5 tips for improving your perinatal mental health

5 tips for improving your perinatal mental health

Your mental health is important, especially during pregnancy and the year after birth (the perinatal period) when approximately 1 in 5 women experience clinical depression. Despite many women struggling to cope during this period, only half are ever identified and even less actively seek help.

Here are our 5 tips for improving your perinatal mental health.

1. Don’t expect too much of yourself

It is easy to foster idealistic visions of what motherhood might or should be like, especially with constant bombardment of social media imagery. As difficult as it may seem, try not to expect too much of yourself by building up unrealistic ideals of the birth you’ll experience, the activities you’ll do with your baby, how you and your family will embrace this life change or the mother you will be. The transition to becoming a new parent involves physical, emotional, mental, and social changes. There are many new things to learn and it takes time to adjust.

Be kind to yourself during this time. Try and prepare to be led, day by day, by how you are feeling in the moment and what you and your baby need, rather than a pre-existing plan.

Looking after a baby is not an easy feat, so be easy on yourself. Being ‘good enough’ is just fine as there is no such thing as the ‘perfect parent’.

2. Make the time to rest

At times, it can feel impossible to get enough rest when you have a new baby. Babies wake regularly for feeds, sometimes not settling, day and night and the days are filled with constant tasks, playing, changing, bathing, soothing amongst other daily chores. Sounds exhausting doesn’t it?

When your baby is napping, it is easy to feel that you should use their naptimes to ‘get stuff done’. Try to resist this urge. Create a plan to take time out for yourself to rest. Losing out on sleep affects emotional wellbeing so it is important to try and catch up when you can.

When you can, ask a family member or friend for help, or just accept that you won’t get all your household chores done for a while: that’s OK.

3. Look after yourself and build pleasant activities and experiences into every day

Self-care is important when you have a baby. While you can plan for having a baby, there is a lot that is simply out of your control.

Rest, gentle exercise, eating a healthy diet and taking time out to relax are all important, even though they aren’t always easy to do. To this new person in your life, you are their world, so it is important that you create the time to care for yourself. so that you can also care for them.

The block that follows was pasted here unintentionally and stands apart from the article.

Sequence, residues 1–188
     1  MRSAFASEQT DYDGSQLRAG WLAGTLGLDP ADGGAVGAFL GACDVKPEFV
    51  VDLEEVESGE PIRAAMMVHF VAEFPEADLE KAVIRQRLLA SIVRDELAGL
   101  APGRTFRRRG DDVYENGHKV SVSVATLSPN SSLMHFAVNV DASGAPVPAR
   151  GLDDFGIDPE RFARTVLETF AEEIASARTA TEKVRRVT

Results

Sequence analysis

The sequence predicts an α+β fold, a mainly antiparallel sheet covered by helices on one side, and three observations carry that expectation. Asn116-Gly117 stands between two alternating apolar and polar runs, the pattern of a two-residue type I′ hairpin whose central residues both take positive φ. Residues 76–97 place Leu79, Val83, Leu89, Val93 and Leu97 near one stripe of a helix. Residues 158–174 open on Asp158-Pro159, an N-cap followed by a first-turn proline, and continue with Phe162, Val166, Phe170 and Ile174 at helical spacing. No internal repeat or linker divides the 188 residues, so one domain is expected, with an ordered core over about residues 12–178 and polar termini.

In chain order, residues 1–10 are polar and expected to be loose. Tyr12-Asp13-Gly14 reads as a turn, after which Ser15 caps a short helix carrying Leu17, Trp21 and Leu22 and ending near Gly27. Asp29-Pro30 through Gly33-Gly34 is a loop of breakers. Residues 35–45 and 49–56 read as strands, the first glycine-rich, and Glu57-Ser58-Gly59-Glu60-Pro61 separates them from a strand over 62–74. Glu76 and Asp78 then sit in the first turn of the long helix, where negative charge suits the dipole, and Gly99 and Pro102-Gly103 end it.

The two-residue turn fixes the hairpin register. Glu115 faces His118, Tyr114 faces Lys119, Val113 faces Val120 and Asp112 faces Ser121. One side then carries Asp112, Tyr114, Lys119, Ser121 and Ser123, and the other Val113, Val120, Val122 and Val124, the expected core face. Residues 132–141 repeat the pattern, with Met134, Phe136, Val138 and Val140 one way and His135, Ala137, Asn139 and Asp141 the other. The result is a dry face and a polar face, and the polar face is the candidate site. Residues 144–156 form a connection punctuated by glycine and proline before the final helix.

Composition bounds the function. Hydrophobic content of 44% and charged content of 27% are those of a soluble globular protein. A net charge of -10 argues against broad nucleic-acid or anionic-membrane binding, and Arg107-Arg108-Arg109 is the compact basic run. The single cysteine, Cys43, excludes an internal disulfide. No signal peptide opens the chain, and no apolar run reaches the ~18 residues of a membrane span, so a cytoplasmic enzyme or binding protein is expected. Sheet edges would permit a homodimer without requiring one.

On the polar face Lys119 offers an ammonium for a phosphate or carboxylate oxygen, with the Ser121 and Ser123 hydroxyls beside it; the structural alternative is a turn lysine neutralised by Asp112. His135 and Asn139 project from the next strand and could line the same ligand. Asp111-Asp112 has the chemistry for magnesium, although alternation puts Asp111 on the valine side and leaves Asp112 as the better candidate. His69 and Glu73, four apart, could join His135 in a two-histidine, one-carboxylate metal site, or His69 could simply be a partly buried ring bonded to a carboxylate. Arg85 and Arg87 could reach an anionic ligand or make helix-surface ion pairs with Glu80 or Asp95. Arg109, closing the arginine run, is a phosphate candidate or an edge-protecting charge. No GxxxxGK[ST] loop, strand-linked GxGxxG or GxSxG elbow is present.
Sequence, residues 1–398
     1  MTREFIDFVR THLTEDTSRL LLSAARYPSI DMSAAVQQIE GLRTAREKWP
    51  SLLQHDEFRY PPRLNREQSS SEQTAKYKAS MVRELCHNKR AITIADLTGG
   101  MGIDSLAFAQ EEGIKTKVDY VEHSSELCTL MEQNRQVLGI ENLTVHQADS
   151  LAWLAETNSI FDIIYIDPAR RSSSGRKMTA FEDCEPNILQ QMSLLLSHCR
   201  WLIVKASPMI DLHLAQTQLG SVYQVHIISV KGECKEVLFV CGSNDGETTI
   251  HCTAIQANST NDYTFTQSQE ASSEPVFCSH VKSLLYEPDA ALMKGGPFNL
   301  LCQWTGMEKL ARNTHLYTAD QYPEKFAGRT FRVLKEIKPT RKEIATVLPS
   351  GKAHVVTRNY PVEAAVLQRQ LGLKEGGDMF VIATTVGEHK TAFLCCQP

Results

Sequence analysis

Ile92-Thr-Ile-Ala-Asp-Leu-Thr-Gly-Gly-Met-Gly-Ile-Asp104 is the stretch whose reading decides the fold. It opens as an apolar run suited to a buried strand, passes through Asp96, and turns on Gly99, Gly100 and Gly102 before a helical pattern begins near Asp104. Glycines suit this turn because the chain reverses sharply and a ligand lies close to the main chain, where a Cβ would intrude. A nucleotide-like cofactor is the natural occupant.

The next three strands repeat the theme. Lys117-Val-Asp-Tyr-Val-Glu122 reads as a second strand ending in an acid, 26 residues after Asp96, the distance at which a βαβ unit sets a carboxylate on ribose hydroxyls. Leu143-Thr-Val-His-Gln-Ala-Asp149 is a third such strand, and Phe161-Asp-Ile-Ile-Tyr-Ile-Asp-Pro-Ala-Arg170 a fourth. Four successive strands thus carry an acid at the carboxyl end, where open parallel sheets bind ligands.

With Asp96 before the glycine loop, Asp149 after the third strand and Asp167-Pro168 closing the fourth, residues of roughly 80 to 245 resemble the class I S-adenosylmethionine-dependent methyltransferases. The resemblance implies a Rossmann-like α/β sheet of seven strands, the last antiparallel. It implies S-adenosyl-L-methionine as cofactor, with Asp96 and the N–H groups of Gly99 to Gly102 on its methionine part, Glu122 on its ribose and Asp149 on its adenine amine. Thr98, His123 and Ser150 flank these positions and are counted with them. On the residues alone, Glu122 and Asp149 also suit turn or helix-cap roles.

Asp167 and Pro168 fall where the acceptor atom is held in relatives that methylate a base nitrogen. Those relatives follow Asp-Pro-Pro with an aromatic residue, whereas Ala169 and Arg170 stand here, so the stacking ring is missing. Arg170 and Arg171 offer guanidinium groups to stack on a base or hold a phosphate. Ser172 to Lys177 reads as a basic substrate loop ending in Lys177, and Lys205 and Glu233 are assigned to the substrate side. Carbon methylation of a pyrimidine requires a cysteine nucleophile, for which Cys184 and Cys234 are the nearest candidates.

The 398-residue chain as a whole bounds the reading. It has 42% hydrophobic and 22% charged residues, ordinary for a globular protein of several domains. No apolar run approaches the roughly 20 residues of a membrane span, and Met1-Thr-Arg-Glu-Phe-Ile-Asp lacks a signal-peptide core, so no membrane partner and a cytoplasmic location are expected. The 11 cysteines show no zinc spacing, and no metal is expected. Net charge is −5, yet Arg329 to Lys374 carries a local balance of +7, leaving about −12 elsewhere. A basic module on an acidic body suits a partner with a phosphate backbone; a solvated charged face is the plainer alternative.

Most people need a balance of rewarding experiences in their lives to maintain psychological wellbeing. Some are shown below.

  • Experiences that are enjoyable, pleasurable or fun.
  • Experiences of satisfaction, mastery, competency or achievement in valued areas.
  • Experiences of feeling positively connected to other people.

Of course, within these broad categories of rewards there will be differences between people. Your idea of fun might be someone else’s nightmare!

An important first step in keeping things balanced is to examine the rewarding experiences in your life.

Our Towards Parenthood book focuses on the main areas of change encountered by men and women as they make the transition into parenthood.

4. Find the support you need

“It takes a village to raise a child” – proverb

We no longer live in a time where we have a village community with extended family and elders who support our transition to parenthood. Despite this, there is still a need for every new parent to create their own support village. Every woman is different, every pregnancy and baby is different, and every woman’s mental health journey will be different. Therefore, every woman’s village will look a little different. Consider what personal and professional supports you have or need to develop and take time to build your village. Know that extra supports are available to you in a range of different forms including self-help advice and tools leaning on others, or if depressive symptoms are present consider talking therapies such as cognitive behavioural therapy (CBT), or discussing medication with your GP. There is no single form of help for all mums so if you are finding you need extra help it is important to talk to your health professional to determine what works for you.

If you don’t feel you are getting the help you need, it is both essential and OK to speak up and be persistent.

5. Trust your feelings and seek help early

You know yourself better than anyone, so if you are feeling flat, sad, or are struggling, talk to someone close to you like a partner, friend, or family member. They can support you and help you to get any additional help you need. If you don’t feel able to do this, you could talk to a local health professional.

Your midwife, health nurse and GP often ask you about how you are feeling at your check-ups. If you are finding things tough, it’s OK to be honest with them, that is what they are there for. It is not uncommon to feel tired, unwell or feel you are not coping during your pregnancy or after the birth of your child, and that is nothing to be ashamed of. You won’t be judged if you tell someone, and it will be an important first step in getting any help you need.

We hope you find these 5 tips helpful throughout your perinatal journey.

If you are struggling check out the free online tools that range from help with sleeping and settling to daily coping tips to online treatments for depression.

If you need further help please contact one of our trusted support organisations for immediate perinatal anxiety or depression support. PANDA provides telephone support and provides a vital service across Australia by offering the only specialist national perinatal mental health telephone counselling service, as well as reducing stigma around perinatal anxiety and depression.